Have you ever wondered what a stock, bond, or mutual fund are exactly? If so, then this is the post for you. These terms are thrown around daily on stations like CNBC. It’s just expected that the average person knows what they are and the differences between them. Well I have found that this is not always the case.
A stock is simply ownership in a corporation. Stockholders are known as equity holders. An investor that buys shares is part owner in a company and has the right to share in profits distributed by the company. The primary purpose for investing in a stock is capital appreciation. Stocks can also pay dividends that help add to their overall return.
A bond is a debt or obligation of a company. Bondholders do not have equity in a company and have no right to share in company profits. Bondholders receive interest income every 6 months and receive their original investment back at maturity. Investors in bonds do have a claim against company assets if a company goes out of business.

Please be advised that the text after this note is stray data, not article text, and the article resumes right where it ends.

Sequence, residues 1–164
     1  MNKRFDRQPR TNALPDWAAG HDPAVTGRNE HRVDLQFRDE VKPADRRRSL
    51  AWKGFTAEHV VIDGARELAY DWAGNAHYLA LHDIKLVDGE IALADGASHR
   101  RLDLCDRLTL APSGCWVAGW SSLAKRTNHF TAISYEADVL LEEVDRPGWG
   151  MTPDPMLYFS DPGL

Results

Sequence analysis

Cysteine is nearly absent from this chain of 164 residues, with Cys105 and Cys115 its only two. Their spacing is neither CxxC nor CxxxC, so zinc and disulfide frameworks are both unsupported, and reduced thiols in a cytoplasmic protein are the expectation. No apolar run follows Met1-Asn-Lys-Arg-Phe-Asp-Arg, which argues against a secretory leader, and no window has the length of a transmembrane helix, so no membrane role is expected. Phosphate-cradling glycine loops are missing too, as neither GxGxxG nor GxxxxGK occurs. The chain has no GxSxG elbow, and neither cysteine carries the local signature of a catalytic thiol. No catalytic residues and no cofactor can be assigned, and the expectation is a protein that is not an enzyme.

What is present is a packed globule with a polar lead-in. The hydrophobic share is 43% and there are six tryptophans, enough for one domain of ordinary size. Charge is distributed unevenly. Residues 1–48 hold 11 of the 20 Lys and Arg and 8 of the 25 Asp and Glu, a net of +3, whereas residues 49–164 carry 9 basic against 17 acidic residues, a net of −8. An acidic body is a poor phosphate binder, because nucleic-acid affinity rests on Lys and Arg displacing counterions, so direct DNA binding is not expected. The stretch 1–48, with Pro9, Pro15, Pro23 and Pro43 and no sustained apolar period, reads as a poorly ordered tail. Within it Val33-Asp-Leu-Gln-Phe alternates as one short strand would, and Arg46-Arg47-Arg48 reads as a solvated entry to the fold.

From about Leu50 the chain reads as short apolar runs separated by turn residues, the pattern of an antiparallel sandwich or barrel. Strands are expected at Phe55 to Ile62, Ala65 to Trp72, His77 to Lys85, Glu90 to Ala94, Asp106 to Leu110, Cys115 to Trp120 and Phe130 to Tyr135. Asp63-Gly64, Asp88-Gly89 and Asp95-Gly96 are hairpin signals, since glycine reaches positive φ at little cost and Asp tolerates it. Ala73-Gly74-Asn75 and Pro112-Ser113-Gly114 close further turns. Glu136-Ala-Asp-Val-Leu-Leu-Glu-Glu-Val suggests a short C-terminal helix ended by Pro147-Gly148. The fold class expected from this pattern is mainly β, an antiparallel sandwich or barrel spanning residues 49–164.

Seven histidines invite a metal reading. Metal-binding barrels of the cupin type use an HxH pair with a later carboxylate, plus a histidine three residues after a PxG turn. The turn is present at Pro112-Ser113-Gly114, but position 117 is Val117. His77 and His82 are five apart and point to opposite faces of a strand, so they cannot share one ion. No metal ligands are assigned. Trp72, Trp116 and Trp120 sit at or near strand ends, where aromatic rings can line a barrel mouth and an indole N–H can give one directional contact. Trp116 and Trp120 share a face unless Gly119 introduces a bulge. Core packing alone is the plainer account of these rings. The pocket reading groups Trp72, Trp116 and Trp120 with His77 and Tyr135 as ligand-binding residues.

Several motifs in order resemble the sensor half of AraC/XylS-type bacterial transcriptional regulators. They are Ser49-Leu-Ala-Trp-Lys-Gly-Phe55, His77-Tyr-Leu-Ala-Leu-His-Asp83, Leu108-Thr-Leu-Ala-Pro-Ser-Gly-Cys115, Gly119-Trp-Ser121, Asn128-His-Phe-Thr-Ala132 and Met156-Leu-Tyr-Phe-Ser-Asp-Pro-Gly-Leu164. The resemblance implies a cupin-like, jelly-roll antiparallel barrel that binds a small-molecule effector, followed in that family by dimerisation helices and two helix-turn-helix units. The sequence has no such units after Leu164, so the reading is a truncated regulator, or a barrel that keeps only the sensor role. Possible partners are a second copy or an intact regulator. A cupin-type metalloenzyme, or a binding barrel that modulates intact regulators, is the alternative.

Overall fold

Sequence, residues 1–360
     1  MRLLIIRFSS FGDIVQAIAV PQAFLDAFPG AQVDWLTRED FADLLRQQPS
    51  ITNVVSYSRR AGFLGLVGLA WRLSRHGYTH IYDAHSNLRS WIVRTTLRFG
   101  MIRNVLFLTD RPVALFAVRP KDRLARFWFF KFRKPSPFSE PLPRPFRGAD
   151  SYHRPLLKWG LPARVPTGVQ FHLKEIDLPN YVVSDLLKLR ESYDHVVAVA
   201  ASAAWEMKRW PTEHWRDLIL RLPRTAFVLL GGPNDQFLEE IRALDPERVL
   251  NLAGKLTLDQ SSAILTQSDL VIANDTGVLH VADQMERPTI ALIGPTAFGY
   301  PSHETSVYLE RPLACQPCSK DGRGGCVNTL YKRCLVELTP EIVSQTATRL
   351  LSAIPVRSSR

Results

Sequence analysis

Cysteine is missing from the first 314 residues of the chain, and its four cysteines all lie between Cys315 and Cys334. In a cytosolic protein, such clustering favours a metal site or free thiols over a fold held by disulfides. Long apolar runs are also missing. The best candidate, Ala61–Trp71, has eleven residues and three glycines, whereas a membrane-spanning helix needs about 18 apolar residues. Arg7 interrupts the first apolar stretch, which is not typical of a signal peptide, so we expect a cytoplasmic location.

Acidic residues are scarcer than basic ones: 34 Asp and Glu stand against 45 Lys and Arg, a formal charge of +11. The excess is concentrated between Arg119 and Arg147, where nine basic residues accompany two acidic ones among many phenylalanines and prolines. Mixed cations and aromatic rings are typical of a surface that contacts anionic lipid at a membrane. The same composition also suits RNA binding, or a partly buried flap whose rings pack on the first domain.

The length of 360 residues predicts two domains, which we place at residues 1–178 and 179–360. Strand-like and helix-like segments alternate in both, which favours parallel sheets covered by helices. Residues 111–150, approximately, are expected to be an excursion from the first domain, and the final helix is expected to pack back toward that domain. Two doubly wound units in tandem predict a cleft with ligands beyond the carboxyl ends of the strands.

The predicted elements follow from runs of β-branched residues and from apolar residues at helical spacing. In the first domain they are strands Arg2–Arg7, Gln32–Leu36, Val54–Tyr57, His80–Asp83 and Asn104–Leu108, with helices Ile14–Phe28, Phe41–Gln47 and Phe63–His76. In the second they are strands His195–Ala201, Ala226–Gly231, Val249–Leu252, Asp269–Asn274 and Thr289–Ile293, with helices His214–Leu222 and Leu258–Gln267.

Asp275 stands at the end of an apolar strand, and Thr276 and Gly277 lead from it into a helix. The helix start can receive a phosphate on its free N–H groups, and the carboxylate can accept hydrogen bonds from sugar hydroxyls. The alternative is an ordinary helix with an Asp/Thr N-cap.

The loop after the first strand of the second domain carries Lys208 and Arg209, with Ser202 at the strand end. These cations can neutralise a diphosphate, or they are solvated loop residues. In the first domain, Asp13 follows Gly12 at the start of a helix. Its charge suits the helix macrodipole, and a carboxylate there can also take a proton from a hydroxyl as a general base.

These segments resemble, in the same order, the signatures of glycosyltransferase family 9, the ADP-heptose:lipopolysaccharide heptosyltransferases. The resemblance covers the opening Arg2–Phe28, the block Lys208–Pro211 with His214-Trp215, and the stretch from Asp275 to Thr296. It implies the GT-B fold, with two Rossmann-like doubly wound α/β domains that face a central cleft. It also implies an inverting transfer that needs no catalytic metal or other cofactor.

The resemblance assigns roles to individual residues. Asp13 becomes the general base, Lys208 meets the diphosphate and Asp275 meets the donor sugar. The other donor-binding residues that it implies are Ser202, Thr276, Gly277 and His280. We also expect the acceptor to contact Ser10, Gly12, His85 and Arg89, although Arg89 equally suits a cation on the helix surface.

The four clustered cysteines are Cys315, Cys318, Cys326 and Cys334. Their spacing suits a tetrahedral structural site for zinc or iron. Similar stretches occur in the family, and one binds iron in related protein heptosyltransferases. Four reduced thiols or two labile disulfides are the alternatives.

A mutual fund is an investment vehicle that pools money together from a group of investors. The two most popular types of funds are stock funds and bond funds. A stock mutual fund is simply a collection of stocks. Fund managers are responsible for buying and selling assets to generate a return for investors. Mutual funds are the largest class of investment for most investors.
Certificate of Deposits
You may only think of a CD as something that you put in your car to play music. But a CD is a lot more than that. A CD is a time deposit offered by banks, credit unions, and brokerages. CD investors lend money to the bank for a specified period of time and receive interest on their principal. CD’s are FDIC insured and have terms as small as 3 months and as long as 5 years.
A money market account is a FDIC insured account that pays higher interest to accountholders. A money market account typically requires a $1,000 investment to receive the higher rate. A money market fund is a mutual fund that invests in short term securities and seeks to maintain a stable $1.000 net asset value. Money market funds are not FDIC insured.
Well there is your primer on Personal Finance 101. Class dismissed!